Thursday, June 3, 2010

Upward-only Rent Reviews, what next?

Rob Kitchin from Ireland after NAMA reports on Upward Only rent reviews. Are their days numbered?
Inside Ireland reports that Retail Excellence Ireland (REI) has published a survey which reveals that 97% of the 187 companies (representing 2,200 stores) they contacted have sought a rent reduction from their landlord. More than 30% have recieved an outright rejection to their request. 25% of retailers claimed they will be forced out of business in the next 12 months if rent is not reduced and almost 80% claim they require a rent reduction of more than 15% in order to break even. REI argues that 35,000 jobs have so far been lost in the retail sector, and many more are under threat given the drop in both the volume and value of sales and the fact that many retailers are unable to renegotiate rental terms to a more favourable rate. Upward only rent review clauses were banned by the Dept of Justice last December, but this did not apply retrospectively, thus doing little to relieve pressure on tenants locked into existing agreements negotiated before the recession. REI have taken a proactive lobbying position on seeking a rent reduction, producing three short videos and bombarding local representatives with postcards asking them to pressure the Minister for Justice to enable retrospective rent review clauses. Upward only rent reviews always seemed a dubious arrangement to me, designed to serve the interests of one group only – the landlords – regardless of market conditions. It’ll be interesting to see what the government do here, as they are caught between two strong vested interests (retail and property/investment companies), and by enabling the reduction of rents they’ll potentially be undermining the rental income base of many properties going into NAMA (by one estimate costing the taxpayer €2.1 to €2.8bn). I suspect the pull of protecting jobs and local economies will be stronger, however, although I can envisage legal challenges to such a change – a working group is deliberating on the issue at the minute.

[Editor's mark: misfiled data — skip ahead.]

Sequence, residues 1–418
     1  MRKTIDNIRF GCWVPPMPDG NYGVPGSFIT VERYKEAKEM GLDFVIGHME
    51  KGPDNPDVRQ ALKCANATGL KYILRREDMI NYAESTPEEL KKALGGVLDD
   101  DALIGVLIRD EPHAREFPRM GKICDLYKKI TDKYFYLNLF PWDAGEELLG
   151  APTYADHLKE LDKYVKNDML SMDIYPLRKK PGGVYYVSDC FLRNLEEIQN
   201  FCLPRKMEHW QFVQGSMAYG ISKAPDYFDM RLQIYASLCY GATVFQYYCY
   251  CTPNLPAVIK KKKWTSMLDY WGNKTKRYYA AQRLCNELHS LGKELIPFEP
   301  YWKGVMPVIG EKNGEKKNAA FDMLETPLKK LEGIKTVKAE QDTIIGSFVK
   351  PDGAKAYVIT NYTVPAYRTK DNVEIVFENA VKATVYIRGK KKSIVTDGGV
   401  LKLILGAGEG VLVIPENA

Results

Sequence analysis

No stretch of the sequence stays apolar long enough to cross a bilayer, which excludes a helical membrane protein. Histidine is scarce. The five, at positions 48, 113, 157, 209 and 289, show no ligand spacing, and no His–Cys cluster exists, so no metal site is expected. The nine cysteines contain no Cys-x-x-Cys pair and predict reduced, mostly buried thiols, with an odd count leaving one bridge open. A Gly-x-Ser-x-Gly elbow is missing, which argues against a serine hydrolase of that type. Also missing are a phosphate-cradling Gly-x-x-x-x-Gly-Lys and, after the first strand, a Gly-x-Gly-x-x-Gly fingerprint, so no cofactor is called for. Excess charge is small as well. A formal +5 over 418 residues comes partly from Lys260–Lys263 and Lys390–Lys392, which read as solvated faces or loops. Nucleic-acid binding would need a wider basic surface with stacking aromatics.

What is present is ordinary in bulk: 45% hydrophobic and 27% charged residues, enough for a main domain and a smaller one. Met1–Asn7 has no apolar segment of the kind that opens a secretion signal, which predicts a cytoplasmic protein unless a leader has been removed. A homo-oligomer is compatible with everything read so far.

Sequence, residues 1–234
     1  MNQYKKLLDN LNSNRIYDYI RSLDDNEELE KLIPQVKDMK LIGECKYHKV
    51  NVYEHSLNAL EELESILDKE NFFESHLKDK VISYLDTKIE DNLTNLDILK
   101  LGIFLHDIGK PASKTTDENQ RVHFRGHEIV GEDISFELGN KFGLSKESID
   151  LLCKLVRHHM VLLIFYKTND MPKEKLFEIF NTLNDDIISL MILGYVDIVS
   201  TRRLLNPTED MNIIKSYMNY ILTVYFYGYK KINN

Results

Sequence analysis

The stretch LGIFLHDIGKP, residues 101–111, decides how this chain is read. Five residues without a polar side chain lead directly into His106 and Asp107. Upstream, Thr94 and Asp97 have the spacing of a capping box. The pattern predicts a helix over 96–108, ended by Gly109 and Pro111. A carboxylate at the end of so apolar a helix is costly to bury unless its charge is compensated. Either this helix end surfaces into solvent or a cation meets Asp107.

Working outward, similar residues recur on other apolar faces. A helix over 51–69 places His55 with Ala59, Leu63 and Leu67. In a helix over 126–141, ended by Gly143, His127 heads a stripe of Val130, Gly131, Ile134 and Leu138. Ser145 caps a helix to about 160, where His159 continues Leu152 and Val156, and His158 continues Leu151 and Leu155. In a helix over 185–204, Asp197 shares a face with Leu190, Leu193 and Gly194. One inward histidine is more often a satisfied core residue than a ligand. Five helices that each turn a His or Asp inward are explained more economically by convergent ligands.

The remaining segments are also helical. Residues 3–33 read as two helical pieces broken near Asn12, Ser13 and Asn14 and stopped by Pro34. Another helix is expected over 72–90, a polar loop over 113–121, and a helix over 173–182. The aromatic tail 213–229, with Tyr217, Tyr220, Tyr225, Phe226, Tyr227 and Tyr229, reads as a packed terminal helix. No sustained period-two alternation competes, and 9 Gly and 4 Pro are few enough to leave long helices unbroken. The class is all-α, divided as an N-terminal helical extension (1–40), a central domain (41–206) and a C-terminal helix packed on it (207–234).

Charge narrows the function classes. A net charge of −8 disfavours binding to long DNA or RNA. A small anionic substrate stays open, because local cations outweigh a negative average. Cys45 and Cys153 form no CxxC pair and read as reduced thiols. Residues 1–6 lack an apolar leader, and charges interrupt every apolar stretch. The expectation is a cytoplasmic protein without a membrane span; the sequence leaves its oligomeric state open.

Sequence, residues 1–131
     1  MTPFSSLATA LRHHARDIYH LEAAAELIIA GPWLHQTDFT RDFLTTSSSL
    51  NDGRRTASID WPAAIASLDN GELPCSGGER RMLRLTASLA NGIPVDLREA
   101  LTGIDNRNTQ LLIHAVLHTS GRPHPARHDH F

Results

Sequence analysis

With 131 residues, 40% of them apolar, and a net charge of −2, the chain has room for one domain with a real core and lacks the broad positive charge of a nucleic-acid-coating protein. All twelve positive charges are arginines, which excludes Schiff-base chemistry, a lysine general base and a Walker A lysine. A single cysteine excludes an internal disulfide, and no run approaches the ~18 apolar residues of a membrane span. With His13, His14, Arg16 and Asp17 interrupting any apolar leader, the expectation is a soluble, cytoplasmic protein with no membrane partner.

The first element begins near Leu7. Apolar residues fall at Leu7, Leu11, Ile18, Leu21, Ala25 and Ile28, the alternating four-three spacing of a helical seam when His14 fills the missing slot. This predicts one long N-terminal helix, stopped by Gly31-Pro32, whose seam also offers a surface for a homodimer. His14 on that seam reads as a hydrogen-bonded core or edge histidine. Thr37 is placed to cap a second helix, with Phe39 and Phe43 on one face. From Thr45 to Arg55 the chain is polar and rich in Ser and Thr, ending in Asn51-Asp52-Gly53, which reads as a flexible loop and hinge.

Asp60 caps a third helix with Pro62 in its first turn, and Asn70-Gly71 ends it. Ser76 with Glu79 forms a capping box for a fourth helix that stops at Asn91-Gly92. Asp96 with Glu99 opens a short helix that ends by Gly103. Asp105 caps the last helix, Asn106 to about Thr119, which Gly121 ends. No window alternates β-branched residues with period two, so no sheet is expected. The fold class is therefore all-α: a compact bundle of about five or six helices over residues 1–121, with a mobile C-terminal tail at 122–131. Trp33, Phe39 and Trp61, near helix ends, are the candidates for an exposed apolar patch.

Personally, I think that it will be held that a contract is a contract, so it will not be possible to change the clause retrospectively. In any case, most landlords have exercised common sense and allowed rent reductions in order to maintain a tenant in their properties.
Larger institutional landlords, such as pension schemes etc. are much slower to allow reductions. This is a difficulty for both landlord and tenant and will lead to litigation as some retailers break leases and are subsequently pursued by landlords.
More money for the legal profession!

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